Furthermore, suppose that the work of commanding the proper and forbidding the improper is left only to government officials and imams of the mosques. What will happen if in some society most of the officials and imams are corrupt? What happens if the government is headed by people like the ex-shah, Saddam, Asad or Fahd and the mosques are controlled by their paid supporters?

This is a possibility that may not only be raised by those who are called "crazy revolutionaries". It is a matter raised by none other than the Prophet himself (who, incidentally, was a revolutionary; and also was called "crazy" by his enemies). Tradition like the following are found in many books of Hadith; Tirmidhi, Abu Da'ud, Nasai, Ibn Majah, Kanz al-'ummal:

"After me there will come some people as rulers. Whosoever supports their lying and helps their oppression, he is not of me and I am not of him."

"Whoever pleases a ruler by saying what displeases Allah, he gets out of the religion of Allah."

"A time will come when people who will control your livelihood will sit over you as rulers. They will talk and tell lies, they will act and act in an evil way. They will not be happy with you unless you praise their evil ways and support their lies. But you should declare the truth in front of them as long as they can tolerate. If they cross the limits (in their hatred of truth and justice), then anyone killed because of this will be a martyr."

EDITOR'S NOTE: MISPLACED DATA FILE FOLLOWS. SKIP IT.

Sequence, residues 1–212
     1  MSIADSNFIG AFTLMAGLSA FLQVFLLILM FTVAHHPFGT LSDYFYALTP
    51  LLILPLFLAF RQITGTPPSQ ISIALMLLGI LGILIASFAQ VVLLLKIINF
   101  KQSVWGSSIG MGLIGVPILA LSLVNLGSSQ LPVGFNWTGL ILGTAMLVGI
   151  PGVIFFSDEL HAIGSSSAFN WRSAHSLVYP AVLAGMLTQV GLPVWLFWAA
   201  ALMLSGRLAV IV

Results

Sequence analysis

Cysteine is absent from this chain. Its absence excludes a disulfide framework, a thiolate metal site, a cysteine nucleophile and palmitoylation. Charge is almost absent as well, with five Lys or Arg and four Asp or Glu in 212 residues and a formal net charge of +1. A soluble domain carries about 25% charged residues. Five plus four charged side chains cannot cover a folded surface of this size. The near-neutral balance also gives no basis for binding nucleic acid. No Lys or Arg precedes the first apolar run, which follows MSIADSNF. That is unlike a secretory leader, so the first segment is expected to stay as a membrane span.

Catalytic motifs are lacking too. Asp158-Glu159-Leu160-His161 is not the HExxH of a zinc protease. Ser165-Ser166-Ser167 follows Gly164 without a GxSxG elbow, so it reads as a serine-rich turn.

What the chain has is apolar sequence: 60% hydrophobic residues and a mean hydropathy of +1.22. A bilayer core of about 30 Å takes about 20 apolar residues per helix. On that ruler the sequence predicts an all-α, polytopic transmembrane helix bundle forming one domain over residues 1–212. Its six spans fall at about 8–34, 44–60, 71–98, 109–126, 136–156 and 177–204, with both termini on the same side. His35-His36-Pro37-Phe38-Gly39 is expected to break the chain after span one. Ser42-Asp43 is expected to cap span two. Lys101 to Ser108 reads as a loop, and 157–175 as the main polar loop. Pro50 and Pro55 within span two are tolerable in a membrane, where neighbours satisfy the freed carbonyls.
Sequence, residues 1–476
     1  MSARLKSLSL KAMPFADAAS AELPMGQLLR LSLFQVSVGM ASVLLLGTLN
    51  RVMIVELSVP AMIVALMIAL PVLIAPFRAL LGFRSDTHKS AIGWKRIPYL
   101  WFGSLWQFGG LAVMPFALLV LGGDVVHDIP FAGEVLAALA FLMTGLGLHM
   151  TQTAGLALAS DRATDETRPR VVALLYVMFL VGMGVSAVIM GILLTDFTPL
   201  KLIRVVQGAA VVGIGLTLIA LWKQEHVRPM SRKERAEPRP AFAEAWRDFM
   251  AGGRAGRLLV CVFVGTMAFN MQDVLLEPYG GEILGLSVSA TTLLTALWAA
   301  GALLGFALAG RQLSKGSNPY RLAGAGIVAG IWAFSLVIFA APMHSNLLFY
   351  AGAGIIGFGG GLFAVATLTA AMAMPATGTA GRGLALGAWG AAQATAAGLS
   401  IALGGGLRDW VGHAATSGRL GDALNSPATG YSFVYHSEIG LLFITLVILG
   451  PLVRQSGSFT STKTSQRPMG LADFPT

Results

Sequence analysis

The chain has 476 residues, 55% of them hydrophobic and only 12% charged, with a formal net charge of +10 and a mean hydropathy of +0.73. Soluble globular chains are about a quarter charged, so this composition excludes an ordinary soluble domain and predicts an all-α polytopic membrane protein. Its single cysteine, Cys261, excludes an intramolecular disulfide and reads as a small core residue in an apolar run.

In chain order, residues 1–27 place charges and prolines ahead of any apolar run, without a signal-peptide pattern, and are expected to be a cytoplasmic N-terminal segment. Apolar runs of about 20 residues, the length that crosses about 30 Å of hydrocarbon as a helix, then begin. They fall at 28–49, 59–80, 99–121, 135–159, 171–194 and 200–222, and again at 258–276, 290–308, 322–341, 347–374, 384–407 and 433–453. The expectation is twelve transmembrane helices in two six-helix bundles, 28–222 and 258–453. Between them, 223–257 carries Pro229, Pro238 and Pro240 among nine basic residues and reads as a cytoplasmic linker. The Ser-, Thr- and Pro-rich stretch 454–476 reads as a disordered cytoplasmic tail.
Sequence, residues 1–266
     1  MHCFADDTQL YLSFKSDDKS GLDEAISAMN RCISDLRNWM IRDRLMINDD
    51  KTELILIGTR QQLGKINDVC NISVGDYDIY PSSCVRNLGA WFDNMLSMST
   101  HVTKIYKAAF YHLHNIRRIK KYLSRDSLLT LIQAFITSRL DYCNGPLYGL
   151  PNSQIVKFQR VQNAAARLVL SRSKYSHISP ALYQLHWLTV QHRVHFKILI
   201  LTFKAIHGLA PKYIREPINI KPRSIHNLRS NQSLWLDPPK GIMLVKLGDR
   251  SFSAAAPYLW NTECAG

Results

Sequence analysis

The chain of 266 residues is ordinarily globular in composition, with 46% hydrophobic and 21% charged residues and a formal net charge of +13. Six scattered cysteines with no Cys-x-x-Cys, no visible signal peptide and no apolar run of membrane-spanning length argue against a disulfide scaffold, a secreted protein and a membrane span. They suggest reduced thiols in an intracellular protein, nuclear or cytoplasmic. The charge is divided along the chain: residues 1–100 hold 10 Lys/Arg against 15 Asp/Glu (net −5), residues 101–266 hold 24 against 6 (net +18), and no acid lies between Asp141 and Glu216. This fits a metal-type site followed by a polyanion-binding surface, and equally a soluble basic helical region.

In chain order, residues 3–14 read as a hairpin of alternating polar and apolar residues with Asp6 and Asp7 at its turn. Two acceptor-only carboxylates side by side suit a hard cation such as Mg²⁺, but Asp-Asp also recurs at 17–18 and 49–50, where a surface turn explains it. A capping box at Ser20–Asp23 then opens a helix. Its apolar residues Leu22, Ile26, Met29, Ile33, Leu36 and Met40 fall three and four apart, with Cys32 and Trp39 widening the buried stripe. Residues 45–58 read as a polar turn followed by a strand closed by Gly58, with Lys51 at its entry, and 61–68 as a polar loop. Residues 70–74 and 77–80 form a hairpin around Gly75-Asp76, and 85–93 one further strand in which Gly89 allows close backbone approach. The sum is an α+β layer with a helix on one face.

In view of such ahadith it would be difficult to say that we can leave the work of commanding what is right and forbidding what is wrong to governments and their salaried imams.

The verse "Let there among you be a group..." (3:104) does suggest that commanding the right and forbidding the wrong is a fard al-kifayah (mandatory to a Muslim community, i.e. there should at least be some people who carry out a task). But the verse contains no suggestion that the group that is to command the proper and forbid the improper is to consist of government officials and imams of the mosques. Rather the implication is that to establish a right and uproot a wrong there should arise out of the Ummah as a whole as many people as are needed to effectively do the job. If to establish a particular right or to uproot a particular wrong satisfactory and effective work is being done by some people then the rest of the Ummah has no longer any obligation in that regard and should divert its efforts in some other direction.

The words "commanding" and "forbidding" which imply authority may also suggest to some that amr bi al-ma'ruf wa nahi 'an al-munkar (commanding the good and forbidding the evil) is to be done by those in some kind of authoritative position, either in a government or a religious establishment. But the authority that is needed for amr bi al-ma'ruf nahi 'an al-munkar is possessed by every believer. It is the moral authority that a believer has as a vicegerent of God, in accordance with the following Qur'anic verses: